Here is a continuation of my participation in #RPGaDAY2015 . This will be brief and easy to skip for those of you who don’t really care at all.
22nd: Perfect Gaming Environment
Good friends who love to play and hang out, a decent sound system for BG music, comfy chairs and lots of room for my GM stuff (small side tables).
Maybe one of these tables:
Not much else to say about that. I’m sure that most people will likely have a similar answer…
23rd: Perfect Game for Me
Something that is quick to learn, easy to use, intuitive and adaptable to a variety of moods.
I like universal mechanics with enough flexibility so that making rulings is easy and natural
I’m liking Dungeons & Dragons and Dungeon World right now. My next game will merge the two a bit. That will be just about perfect for me, at the moment.
24th: Favourite House Rule
I have a few that I’m a fan of:
- (D&D 5e) Letting players spend Inspiration to buff up their spells and abilities to max them out
- Letting people meta-game (giving ideas to the other players if they’re stuck, suggesting a course of action that both highlights the other character’s abilities and is awesome/funny)
- Yes but, Yes and, No but, No and to crazy ideas, failed rolls or dead ends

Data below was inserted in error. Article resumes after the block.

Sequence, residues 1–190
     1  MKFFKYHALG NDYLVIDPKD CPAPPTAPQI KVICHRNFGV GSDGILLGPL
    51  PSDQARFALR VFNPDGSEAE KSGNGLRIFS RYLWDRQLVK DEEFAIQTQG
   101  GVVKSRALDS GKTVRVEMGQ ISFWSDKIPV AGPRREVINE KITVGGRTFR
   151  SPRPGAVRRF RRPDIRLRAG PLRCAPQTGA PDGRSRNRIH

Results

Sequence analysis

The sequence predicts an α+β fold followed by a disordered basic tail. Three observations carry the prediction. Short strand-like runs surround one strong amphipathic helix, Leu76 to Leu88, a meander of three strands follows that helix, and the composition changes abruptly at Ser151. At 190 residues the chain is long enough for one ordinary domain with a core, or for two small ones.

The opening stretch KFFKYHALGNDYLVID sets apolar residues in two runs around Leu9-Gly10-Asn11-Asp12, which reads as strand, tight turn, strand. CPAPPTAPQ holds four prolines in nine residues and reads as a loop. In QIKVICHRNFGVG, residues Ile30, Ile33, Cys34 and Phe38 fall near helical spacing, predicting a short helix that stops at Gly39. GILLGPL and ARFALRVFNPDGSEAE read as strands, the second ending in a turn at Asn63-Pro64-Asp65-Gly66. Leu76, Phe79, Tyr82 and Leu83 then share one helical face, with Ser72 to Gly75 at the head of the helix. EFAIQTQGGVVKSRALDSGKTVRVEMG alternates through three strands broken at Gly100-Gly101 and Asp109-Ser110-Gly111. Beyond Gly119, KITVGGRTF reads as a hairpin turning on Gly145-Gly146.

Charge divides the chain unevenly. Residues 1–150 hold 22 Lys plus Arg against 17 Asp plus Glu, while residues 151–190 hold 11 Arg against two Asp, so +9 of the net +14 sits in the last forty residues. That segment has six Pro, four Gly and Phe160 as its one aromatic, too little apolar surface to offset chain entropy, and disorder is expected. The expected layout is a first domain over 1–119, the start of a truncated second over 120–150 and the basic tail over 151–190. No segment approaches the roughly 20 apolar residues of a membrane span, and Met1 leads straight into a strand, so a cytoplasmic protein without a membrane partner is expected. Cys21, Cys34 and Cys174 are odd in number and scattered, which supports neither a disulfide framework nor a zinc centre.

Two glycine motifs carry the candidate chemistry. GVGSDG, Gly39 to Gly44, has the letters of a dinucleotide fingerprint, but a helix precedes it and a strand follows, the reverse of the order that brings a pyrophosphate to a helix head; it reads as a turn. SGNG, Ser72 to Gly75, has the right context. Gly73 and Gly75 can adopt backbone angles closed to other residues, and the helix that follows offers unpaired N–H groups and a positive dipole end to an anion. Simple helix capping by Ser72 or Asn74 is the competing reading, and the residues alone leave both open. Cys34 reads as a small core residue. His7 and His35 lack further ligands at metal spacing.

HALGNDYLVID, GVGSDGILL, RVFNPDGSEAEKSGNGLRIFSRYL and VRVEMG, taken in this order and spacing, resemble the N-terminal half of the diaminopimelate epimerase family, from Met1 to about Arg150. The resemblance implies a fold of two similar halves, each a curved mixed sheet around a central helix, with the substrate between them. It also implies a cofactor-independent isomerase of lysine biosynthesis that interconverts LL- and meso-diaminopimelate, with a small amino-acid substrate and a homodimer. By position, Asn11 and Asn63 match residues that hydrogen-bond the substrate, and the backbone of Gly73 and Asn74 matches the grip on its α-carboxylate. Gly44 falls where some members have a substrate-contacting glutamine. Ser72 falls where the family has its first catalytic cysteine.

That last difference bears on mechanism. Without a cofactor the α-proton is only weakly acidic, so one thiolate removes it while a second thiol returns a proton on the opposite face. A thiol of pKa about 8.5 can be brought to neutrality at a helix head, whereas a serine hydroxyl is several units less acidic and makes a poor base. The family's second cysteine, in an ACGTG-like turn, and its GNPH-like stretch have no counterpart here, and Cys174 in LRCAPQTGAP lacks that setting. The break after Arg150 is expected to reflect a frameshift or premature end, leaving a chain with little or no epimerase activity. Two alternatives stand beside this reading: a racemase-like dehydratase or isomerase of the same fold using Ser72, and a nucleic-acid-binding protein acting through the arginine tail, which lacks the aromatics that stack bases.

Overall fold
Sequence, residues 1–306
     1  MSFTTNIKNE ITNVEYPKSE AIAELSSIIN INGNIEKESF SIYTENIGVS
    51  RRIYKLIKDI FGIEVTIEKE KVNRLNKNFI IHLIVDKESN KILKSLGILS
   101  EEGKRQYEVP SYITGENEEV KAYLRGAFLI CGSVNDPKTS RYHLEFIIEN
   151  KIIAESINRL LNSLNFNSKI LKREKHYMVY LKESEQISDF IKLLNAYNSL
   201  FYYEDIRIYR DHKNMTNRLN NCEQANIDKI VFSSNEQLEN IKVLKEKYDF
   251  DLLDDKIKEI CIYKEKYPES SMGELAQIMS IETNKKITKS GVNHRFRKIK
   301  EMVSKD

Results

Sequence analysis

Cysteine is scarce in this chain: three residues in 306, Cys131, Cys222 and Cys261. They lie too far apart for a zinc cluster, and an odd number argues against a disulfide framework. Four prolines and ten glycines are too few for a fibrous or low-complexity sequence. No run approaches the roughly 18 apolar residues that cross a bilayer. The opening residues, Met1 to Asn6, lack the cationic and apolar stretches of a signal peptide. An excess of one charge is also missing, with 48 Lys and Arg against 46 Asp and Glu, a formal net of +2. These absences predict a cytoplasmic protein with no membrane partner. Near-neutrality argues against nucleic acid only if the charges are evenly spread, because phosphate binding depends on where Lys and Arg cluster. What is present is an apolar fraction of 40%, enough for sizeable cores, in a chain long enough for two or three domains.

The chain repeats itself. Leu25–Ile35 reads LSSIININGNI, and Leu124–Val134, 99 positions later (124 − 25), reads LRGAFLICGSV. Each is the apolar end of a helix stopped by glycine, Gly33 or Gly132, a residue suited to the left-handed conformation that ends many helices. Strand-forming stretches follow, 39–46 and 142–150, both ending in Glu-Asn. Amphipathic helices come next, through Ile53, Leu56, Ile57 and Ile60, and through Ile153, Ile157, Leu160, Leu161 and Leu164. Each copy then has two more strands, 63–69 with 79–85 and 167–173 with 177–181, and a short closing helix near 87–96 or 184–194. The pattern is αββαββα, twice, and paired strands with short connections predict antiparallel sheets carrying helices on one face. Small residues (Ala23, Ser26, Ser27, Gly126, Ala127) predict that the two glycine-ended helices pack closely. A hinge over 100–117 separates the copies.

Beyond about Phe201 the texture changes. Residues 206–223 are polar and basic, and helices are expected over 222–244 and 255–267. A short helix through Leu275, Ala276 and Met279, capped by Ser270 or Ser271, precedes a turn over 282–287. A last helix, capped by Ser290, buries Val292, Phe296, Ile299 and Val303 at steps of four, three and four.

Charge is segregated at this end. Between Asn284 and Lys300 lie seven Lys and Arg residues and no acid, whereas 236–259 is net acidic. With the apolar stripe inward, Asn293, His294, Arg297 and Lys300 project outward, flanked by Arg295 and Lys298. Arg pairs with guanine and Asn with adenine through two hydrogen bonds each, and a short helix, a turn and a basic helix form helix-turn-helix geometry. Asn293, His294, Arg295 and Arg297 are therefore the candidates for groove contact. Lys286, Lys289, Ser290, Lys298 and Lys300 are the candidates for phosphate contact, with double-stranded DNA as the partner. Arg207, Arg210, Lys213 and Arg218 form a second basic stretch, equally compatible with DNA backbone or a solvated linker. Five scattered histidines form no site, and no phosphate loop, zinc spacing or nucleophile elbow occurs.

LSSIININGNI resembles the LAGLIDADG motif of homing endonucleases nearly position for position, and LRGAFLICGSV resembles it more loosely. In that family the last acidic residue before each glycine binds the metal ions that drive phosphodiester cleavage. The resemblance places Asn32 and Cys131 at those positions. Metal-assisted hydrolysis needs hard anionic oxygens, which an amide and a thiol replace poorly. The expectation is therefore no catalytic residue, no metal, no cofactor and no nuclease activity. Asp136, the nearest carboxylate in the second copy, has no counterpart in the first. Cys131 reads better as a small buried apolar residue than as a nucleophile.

- Letting someone negate all damage from one source by letting their shield or helmet get destroyed
25th: Favourite Revolutionary Game Mechanic
Yikes. I’ve witnessed more than one heated debate on this topic. I’ll just stick to subjective experience for this answer.
GUMSHOE’s ideology that the clues can automatically be found with the right skills; it’s how to interpret and follow through with the clues that’s challenging and interesting.
I mean, it’s not rocket science: most people that I’ve played with dislike it when the investigation either grinds to a halt or gets derailed into a pointless red herring because the PCs failed their “search for clues” rolls or looked in the wrong box at the crime scene. What’s also not all that great is moving the clues to wherever the PCs look so that they always find them anyway, no matter what course of action that they take. On the other side of the GM screen the players might not even notice… But their brains might eventually.
I just like to skip that whole problem and say: “Jane, your character has extra specialization in investigation skill X? YOU figure out right away that there’s a clue THERE.” This lets me move the game along to where I really want it to go: chases down alleyways, discovering gruesome altars in basements, gunfights with tentacled horrors and sneaking into a mausoleum at night.
There’s more to it than that. I really like everything else about the GUMSHOE game system. Read up about it here on the Wiki.